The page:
Steve and I are still trying to work out the best way to balance my training. Currently I average around 50miles a week, I don’t run more than once a day (unless I do a 15min pre-race shake out). I also have a full day off running once a week, and will add in cross training once or twice a week (bike, elliptical or pool). This means I only do 6 runs/sessions a week. In addition I do a strength routine in the gym with “baby” weights, the bar is yet to become my friend. We have tried adding in more cross training but this just often makes me tired and further contributes to the risk of injury. I do sometimes struggle to get my head round my low volume training with everyone in the team often doing more miles than me including the 800m runner of the group! But its something I’ve got to accept if I don’t want to break down, consistency is key. Also, when I have a busy week at work we will cut back my training as the injury risk will be much greater if I’ve been on my feet running around the wards all day.
Typical training week:
- Monday: Rest day or 45-60mins pool or cross trainer (alternate weeks rest/xt) and Core routine (20-30mins)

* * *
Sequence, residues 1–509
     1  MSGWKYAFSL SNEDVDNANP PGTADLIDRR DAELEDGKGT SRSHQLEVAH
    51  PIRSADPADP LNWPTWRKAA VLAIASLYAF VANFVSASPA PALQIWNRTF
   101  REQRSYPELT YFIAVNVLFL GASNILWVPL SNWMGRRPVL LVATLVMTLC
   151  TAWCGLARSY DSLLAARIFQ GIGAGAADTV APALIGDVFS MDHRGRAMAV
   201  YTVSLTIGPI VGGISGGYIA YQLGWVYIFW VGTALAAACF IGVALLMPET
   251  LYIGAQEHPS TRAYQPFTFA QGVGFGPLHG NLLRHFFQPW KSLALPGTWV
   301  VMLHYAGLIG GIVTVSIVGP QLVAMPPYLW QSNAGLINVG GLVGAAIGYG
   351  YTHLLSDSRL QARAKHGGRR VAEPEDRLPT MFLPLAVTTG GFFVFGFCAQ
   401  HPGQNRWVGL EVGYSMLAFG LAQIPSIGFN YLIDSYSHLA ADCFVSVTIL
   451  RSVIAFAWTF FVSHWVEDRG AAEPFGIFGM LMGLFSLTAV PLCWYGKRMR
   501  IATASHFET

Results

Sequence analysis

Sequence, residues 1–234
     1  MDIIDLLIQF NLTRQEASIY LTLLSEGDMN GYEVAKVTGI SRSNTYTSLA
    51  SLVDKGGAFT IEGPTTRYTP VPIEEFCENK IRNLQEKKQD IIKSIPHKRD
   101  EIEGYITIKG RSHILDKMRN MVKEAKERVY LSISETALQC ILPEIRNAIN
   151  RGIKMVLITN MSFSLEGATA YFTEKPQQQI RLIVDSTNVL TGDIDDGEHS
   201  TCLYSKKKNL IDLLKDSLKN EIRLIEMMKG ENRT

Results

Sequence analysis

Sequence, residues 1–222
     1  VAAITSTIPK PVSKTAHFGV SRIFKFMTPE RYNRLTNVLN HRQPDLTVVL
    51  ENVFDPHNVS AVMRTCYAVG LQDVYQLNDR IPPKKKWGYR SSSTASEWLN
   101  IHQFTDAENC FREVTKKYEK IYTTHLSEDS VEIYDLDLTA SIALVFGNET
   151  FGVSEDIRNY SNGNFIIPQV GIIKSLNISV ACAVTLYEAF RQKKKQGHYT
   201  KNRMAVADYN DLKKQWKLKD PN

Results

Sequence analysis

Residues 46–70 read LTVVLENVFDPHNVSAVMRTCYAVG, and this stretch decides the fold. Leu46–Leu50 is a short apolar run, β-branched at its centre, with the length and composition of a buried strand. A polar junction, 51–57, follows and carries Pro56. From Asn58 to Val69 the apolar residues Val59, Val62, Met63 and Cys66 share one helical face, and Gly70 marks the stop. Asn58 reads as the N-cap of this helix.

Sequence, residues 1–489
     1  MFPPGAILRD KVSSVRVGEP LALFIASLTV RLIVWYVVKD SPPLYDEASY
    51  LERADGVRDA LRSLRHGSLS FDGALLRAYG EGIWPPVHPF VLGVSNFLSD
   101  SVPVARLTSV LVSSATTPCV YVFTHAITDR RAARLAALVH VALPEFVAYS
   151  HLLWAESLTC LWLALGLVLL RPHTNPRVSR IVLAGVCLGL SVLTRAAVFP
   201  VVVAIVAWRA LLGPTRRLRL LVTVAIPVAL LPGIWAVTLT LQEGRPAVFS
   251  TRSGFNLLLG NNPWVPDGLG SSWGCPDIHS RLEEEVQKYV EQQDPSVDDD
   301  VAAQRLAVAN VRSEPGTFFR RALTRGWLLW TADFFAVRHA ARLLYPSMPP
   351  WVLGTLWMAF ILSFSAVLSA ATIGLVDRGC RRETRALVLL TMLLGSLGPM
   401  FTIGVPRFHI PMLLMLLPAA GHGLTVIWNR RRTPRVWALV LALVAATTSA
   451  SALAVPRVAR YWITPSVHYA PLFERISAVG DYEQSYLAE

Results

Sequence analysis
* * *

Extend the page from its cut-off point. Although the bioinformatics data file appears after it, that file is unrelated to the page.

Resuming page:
- Tuesday: Session e.g. 6 – 8km of volume on the road/track or a hill session.
- Wednesday: 60min run and Gym strength work (1hour, light weights and core)
- Thursday: 50min run and hill strides and 35min spin
- Friday: Session e.g 6 miles worth of tempo
- Saturday: 50min run and Gym strength work (1hour)
- Sunday: 70-80min hilly long run
After the fantastic articles in Athletics Weekly from Jen Walsh and Bobby Clay, in addition to Bobby Clay’s hard hitting national coverage it feels like we’re starting to shine a light on what is a very difficult subject. So often we see younger athletes running well but it is evident to everyone that they’re doing long term damage to their body for short term successes. We need to keep raising awareness of the Female Athlete Triad for parents, coaches and athletes.
I hope my blog provides some insight and I would be more than happy to speak to anyone about this in more detail. There is a way back without turning away from the sport.